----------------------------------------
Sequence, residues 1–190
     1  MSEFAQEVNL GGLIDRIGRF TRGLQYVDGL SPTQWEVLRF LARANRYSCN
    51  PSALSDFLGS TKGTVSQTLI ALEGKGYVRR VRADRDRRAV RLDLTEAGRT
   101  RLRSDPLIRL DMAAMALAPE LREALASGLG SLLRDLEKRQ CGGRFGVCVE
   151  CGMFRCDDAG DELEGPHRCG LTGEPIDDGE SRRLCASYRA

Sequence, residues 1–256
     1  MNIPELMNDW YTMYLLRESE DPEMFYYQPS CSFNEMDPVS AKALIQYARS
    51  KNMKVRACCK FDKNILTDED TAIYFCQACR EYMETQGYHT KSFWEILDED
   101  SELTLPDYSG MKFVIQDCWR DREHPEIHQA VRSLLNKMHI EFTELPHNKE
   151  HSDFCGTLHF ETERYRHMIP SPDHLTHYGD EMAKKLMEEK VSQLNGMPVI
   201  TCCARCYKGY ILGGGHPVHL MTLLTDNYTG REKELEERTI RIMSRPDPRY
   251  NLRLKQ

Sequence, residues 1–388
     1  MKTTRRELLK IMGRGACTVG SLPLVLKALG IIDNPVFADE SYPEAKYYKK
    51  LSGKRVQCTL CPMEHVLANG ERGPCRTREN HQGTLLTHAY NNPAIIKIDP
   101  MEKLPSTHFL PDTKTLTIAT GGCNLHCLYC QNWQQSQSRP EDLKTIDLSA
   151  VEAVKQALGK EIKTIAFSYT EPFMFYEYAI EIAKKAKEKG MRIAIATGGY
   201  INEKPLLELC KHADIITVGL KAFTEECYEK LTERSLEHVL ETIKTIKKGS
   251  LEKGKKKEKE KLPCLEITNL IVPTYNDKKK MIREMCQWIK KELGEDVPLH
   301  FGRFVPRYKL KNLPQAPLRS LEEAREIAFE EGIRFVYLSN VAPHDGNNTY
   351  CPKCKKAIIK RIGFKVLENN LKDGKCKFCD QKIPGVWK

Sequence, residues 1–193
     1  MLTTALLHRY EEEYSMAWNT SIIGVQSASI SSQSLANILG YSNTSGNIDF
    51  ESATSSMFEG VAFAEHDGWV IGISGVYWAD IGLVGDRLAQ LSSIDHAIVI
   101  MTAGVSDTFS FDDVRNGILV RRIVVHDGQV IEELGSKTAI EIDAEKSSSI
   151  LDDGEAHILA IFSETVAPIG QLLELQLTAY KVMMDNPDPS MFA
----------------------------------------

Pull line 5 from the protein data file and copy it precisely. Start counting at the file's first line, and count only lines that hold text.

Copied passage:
   151  CGMFRCDDAG DELEGPHRCG LTGEPIDDGE SRRLCASYRA